Jay Krebsbach needs no convincing when it comes to the importance of buying local products.
"That's the whole reason I'm still in business after the third year," said Krebsbach, a seasoned chef who struck off on his own to make a Modena balsamic vinegar reduction free of salt, sugar and gluten. "If it hadn't been for the Market of Choice, Paddington Station and Tark's Market, I wouldn't have been able to branch out to the other parts of Oregon."
Today the Mail Tribune launches a new regular feature called Buy Rogue Valley.
A couple of times a week, we'll feature a product grown or manufactured in the Rogue Valley and sold here. After today, it will appear on our Business Page.
Have an idea? Email the information to email@example.com. The description should be no longer than 25 words and include a jpg image. (Because of the large quantity, wine and non-packaged foods will not be considered.)
Krebsbach's Shibui sauce found its stride when Krebsbach sold 300 bottles at Paddington Station in Ashland during the 2009 holidays.
"They were blown away," Krebsbach said. "That gave me a great jump-start and put me on the road to where I had a fabulous product and someone to back me up — a reliable vendor to support my story."
From growers and farmers markets to wineries and gift shops — even chain stores — locally produced bread, pasta, jam, cards and decorations are playing an increasing role in the Rogue Valley economy.
Organizations such as THRIVE, founded in 2004 to call attention to food grown locally, discovered even more producers than it expected to find.
Wendy Siporen, executive director of the economic-development and food-advocacy group, said the movement to create products for market crosses age-group demographics.
"I've seen 20-somethings and 60-somethings with these businesses," Siporen said. "It's people with an extra spark of creativity or who want to be their own boss."
The range of artisans and agricultural producers reflects both the desire to share the results of labor and the need to find new income streams during tough economic times.
As hard as recessionary forces hit pocket books, Krebsbach said it created a better environment for artisans.
"The economy gave more emphasis to the small vendor," he said. "I really believe the bad economy spurted the growth of my company. If things were a lot better, people wouldn't read the labels and would be picking up whatever is on the shelf, going on life as usual. It causes everyone to pause, reflect, concentrate and make better decisions on where and what they are spending their money on."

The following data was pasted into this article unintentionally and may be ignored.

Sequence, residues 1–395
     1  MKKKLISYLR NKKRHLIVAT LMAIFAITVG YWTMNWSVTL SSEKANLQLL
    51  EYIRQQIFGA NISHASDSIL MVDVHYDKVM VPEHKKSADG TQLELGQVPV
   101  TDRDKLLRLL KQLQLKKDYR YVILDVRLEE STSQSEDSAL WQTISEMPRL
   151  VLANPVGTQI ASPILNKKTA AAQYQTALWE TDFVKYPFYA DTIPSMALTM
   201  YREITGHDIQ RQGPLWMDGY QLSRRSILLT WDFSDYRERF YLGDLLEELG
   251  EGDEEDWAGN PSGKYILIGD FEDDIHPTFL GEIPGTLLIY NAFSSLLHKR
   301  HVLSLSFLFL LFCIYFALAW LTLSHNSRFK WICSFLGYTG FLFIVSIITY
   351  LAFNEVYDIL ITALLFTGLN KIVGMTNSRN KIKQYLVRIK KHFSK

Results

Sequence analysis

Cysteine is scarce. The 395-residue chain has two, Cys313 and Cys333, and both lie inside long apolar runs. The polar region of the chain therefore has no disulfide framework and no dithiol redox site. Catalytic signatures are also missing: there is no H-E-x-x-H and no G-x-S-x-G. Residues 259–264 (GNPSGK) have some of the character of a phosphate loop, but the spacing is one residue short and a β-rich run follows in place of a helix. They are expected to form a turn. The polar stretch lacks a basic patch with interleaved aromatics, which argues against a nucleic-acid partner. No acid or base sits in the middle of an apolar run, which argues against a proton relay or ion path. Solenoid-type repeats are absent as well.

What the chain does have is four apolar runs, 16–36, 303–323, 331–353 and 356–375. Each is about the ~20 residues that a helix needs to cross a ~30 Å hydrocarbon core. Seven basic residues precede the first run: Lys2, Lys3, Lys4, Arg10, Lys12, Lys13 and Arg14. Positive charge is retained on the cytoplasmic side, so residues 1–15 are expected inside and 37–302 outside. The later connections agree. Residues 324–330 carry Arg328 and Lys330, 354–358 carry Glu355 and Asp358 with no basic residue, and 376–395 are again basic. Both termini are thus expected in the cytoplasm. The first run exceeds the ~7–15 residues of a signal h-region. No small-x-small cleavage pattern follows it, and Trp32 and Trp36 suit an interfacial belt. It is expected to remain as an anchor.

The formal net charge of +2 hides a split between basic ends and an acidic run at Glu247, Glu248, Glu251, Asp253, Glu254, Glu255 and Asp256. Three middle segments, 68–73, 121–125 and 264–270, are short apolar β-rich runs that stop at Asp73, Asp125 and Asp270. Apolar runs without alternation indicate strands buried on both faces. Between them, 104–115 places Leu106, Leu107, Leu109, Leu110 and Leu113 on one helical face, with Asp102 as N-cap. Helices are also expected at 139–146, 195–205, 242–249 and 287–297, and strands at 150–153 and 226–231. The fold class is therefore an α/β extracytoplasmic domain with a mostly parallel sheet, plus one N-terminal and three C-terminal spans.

While the digital age has introduced greater access to customers, getting into retail locations still provides critical exposure for mom and pop operations.
Tark's Market in Talent carries products from a dozen local vendors, ranging from neck warmers to soap.
"We're small potatoes compared to big guys," said Tark's owner Ron Ridgway. "But if you can get into Albertsons or a chain-type operation, right away you've got a big smile on your face. Even if you don't sell a lot, putting that much product into marketplace keeps you really busy."
Ridgway said buyers gravitating toward local products figure they are getting quality.
"We know the manufacturer and it eliminates not knowing what's in your food, whether it's in a glass, jar or canned. Some folks shop those products religiously."
Paul Murdoch of Gary West Meats is both a retail outlet for several local vendors and an Internet seller. The Jacksonville merchant theorizes a broader cultural trend has put a premium on products perceived as local. Organic and other labels have gained importance.
"From where we sit," Murdoch said, "people want to know and trust the manufacturer in an era where a lot of goods are anonymously made. When you think buying local is critical, people want to know the source. These guys are not big companies and that's part of the value."
During the holiday season, he said there is even more incentive for some buyers to find a gift that reflects the region.
"They want to be able to point to who made the gift," he said. "I know the guy who made it lives in the Applegate, he's a nice guy and does other things in the community. There is value on both sides of the equation."
While opinions vary on whether there are more people involved in artisan efforts than when the economy was soaring a few years ago, Murdoch said he's seeing more people trying to get products in front of the public.
"The number of producers is still going up," he said. "About half of them contact me or I'll be at a farmers market or hear about them and track them down.
"I don't know if it's because they were losing employment at other jobs, but I see a steady increase in the number of people making products and a lot of them are start-ups."
There is another element summer visitors and Christmas shoppers are searching for when they stop by his Fifth Street shop, Murdoch said.
"Typically, they are looking for something they didn't know about," he said. "They love the stories about the local person. They want a genuine story. The large companies have caught on to that, but that leaves consumers jaded because they know when something is contrived versus authentic."
Reach reporter Greg Stiles at 541-776-4463 or email firstname.lastname@example.org.